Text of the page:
In his 2010 book, The Climate Fix, Roger Pielke Jr. writes:
The view that decarbonization of the global economy is a political problem and not a technological problem has been strongly influenced by a 2004 analysis by two Princeton researchers, Stephen Pacala and Robert Socolow, that was published in Science. The analysis is often referred to by its very useful focus on a concept called a "stabilization wedge"...In their paper, Pacala and Socolow identified fifteen possible stabilization wedges, including approaches such as carbon capture and sequestration (CCS) from coal power plants, enhanced nuclear power, and improved soil management in agriculture."
After detailing a major critique of the wedges approach by NYU's Martin Hoffert, RPJ goes on to write:
The stabilization wedges and the IPCC have shaped the policy debate on decarbonization away from technological innovation, under an assumption that we have all the technologies that we need (or soon will have them). In a very practical sense, that assumption is very likely to be wrong....any commonsense climate policy will take a look at the real numbers behind the stabilization wedges and recognize that technological innovation must be a central strategy behind any effective policy focused on accelerating decarbonization.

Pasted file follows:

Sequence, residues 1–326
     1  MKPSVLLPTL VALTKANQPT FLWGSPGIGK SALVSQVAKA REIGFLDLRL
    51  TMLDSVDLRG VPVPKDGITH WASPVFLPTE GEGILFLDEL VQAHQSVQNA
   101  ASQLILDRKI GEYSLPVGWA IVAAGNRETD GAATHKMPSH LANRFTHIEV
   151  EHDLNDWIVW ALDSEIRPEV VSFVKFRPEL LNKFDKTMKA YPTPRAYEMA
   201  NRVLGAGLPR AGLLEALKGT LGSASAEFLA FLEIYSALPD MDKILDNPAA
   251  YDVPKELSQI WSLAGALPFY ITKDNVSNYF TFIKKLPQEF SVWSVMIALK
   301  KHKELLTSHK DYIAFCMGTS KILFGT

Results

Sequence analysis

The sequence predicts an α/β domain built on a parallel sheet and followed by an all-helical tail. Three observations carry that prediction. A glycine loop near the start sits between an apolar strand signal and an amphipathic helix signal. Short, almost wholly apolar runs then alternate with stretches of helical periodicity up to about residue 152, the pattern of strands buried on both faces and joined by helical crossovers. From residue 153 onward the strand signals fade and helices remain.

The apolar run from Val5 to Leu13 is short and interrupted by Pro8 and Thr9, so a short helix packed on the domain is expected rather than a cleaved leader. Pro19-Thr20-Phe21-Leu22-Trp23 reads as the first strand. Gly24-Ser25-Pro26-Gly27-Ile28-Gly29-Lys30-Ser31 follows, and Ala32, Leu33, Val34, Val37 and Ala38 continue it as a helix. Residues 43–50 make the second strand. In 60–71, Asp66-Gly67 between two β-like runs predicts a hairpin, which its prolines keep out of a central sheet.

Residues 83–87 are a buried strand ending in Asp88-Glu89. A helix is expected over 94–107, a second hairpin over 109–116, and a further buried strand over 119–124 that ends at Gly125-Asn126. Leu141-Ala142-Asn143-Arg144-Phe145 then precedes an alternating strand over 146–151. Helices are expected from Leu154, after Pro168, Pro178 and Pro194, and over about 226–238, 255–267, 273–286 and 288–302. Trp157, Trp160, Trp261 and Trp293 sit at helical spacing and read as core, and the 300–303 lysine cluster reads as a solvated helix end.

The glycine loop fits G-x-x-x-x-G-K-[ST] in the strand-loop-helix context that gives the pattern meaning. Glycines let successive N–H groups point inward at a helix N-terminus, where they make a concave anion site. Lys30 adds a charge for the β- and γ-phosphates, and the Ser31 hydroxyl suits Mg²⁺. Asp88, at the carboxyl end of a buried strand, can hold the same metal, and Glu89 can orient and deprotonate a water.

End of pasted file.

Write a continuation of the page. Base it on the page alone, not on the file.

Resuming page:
Earlier this year, it was widely reported that one of the co-authors, Robert Socolow, had come to regret that the "wedges" thesis was grossly oversimplified by climate advocates, making it seem that it would be easier to achieve than it really was. However, he quickly walked back that story and now, this week, has firmly doubled down on the "wedges" scheme. Andy Revkin has valuably elicited reactions from experts over at Dot Earth. He also links to reactions from Freeman Dyson and Nicholas Stern. So Andy has provided a nice one-stop shop for this renewed, and very important debate.